Police are immune from legal claims because they have sovereign immunity, which protects government agencies from certain types of lawsuits. As a result, people cannot sue the police department in many different situations in which the police have acted negligently or wrongly. For example, suppose a Philadelphia resident was injured in a car accident while riding in a police vehicle to the station for questioning. In this case, the citizen would not be able to sue the police department for negligence, even if the police officer caused the car accident because of texting or any other type of negligence.

Under federal law, however, U.S. citizens have the right to sue the police department for violating their rights by filing a “Section 1983” claim. Specifically, 42 U.S. Code §1983. Specifically, victims of police misconduct can bring a civil rights claim against any government entity that has deprived them of their “rights, privileges, or immunities” afforded citizens by the U.S. Constitution and federal law. Residents can sue Pennsylvania police departments for depriving them of their constitutional rights. Those who are successful can be awarded monetary damages to compensate them for the harm and injuries they have endured due to the police department depriving them of their constitutional rights. 

Common Types of Police Misconduct Claims

Understanding the types of actions police departments are not allowed to do can help you understand whether you have a right to bring a lawsuit against the police department. Talking to a lawyer soon after the accident will allow you to bring forth evidence of the incident while it is fresh in your mind. The longer you wait, the harder it is to obtain evidence that misconduct occurred.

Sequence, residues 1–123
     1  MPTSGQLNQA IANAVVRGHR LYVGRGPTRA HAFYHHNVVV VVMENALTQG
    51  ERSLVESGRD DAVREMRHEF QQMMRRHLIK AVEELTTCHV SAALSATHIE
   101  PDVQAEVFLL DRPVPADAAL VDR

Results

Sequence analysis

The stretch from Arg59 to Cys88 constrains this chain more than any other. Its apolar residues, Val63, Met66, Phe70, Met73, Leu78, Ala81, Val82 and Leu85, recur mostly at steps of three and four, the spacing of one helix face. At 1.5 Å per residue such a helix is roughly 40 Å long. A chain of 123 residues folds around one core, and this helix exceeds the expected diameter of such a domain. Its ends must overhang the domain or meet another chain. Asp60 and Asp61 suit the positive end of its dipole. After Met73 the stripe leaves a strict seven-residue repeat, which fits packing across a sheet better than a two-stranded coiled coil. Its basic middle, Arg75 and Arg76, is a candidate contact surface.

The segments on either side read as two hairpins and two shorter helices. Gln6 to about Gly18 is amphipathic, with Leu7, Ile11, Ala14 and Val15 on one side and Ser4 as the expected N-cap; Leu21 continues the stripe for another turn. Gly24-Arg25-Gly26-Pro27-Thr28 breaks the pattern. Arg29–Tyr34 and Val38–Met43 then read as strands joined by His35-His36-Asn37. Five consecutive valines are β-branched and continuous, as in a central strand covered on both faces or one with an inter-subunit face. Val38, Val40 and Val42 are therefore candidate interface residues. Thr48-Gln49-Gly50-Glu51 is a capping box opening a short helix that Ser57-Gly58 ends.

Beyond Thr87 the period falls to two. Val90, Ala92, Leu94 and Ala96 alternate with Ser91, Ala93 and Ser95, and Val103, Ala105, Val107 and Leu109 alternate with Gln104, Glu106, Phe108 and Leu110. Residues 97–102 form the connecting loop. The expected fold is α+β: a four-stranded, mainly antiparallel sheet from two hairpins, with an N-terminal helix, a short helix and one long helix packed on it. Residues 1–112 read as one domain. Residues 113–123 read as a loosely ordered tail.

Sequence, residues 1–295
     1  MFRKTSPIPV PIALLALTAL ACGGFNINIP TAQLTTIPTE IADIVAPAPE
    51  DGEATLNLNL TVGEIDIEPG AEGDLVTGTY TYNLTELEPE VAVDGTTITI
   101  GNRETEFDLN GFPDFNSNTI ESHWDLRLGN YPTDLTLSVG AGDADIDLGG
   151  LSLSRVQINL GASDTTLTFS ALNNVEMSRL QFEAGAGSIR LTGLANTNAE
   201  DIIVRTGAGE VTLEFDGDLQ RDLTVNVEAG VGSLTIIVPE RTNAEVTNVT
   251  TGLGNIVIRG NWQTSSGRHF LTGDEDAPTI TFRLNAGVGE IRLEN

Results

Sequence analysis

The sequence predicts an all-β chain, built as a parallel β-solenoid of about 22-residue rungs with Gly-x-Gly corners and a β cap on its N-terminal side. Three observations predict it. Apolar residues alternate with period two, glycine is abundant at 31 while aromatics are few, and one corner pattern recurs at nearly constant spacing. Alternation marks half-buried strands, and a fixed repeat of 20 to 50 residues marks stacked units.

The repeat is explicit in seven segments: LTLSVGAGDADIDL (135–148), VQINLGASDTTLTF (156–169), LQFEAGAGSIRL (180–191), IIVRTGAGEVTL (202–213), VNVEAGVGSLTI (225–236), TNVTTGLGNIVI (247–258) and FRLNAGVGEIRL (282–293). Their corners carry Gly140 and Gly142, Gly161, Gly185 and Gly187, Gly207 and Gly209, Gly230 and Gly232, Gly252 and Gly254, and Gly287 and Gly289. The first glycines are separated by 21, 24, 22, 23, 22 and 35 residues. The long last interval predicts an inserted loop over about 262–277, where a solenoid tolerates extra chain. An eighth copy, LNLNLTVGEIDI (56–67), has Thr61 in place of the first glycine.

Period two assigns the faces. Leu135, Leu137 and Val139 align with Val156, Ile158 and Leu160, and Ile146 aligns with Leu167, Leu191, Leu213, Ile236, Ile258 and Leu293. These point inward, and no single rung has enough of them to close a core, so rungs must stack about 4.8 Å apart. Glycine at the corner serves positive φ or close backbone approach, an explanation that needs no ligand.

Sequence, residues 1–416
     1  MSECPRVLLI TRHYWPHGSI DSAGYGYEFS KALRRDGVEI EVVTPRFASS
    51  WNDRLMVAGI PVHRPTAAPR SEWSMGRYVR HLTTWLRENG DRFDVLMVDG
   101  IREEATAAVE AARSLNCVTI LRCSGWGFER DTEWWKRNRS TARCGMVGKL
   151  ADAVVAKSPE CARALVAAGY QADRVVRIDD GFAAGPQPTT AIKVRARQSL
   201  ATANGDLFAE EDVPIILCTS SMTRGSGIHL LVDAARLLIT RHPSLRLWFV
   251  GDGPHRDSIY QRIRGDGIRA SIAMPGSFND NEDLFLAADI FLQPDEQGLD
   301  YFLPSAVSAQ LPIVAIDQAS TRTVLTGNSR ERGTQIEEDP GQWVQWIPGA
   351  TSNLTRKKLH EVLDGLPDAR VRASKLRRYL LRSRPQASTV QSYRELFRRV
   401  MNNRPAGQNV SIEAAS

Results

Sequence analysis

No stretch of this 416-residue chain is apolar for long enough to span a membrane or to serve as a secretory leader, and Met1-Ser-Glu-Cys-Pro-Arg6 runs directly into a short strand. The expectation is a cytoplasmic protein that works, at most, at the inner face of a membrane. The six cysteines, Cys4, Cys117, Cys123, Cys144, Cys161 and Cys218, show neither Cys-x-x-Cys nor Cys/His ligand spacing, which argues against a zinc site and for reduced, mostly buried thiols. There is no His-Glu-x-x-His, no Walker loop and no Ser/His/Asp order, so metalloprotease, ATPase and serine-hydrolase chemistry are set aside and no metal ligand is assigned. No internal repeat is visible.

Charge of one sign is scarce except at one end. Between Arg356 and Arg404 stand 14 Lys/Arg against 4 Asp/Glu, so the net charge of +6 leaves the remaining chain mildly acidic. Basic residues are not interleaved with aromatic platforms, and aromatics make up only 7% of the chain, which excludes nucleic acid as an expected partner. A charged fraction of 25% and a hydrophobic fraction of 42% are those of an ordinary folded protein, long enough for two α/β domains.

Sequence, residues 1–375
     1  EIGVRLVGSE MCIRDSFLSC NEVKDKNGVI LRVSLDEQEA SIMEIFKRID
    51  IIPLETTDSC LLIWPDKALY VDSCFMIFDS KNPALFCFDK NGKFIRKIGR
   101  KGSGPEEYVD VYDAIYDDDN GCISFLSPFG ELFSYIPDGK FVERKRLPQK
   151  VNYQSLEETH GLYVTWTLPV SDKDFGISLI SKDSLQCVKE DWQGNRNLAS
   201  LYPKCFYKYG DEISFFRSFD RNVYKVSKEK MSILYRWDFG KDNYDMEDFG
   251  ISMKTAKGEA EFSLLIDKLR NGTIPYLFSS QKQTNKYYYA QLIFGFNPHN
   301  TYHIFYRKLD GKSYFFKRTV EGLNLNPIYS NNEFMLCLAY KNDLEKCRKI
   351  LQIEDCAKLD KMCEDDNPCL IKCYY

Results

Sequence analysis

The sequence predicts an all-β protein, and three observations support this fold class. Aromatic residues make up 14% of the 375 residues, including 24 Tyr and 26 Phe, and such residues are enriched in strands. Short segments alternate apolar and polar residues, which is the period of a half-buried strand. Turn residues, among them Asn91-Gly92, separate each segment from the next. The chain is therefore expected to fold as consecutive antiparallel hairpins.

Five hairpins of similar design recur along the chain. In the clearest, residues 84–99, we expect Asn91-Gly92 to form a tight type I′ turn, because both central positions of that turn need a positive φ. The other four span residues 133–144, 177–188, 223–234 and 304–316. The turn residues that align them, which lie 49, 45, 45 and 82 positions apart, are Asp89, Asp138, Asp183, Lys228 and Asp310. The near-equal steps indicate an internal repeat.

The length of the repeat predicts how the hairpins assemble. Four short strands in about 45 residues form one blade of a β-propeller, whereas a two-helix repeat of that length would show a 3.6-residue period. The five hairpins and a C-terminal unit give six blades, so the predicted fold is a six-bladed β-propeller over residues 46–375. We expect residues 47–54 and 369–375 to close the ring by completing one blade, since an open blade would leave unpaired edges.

Your attorney will be able to carefully review the facts in your case and the evidence you have and help you understand whether you have experienced one of the common types of police misconduct that is unlawful, giving you a right to sue. Due to case law and previous judicial interpretations of these types of lawsuits, you will have a greater chance of success in some types of claims than others.

Harassment

Unfortunately, police harassment is one of the most common police misconduct claims in Philadelphia. Harassment involves a pattern of behavior on the part of the police officers or the entire police department, such as:

  • Surveilling or spying on a person illegally
  • Racial profiling
  • Making homophobic, racist, or sexist comments

Unreasonable Searches or Seizures

Citizens in the United States have a right to be protected from unreasonable searches or seizures, as written in the Constitution’s Fourth Amendment. Since police officers are considered government agents, they must abide by the Fourth Amendment. When a police officer violates your Fourth Amendment rights, such as arresting you without probable cause or searching your home without a warrant, you may have a valid claim against the police department.

Police Brutality/Use of Excessive Force

When police officers arrest a person, they cannot use excessive force or brutality. When a person suffers a serious physical injury because of the excessive force of police officers, they have a right to sue the police department for all the expenses related to that injury, including their pain and suffering. When a family has a loved one who passed away because of excessive force by a police officer, they can bring a claim against the police department. 

The police brutality victim or their surviving family member will need to provide evidence proving several different elements. They will need to show that the police officer used a completely unnecessary amount of force. They will also need to prove that the police officer could have accomplished his or her goal without using brutality or excessive force.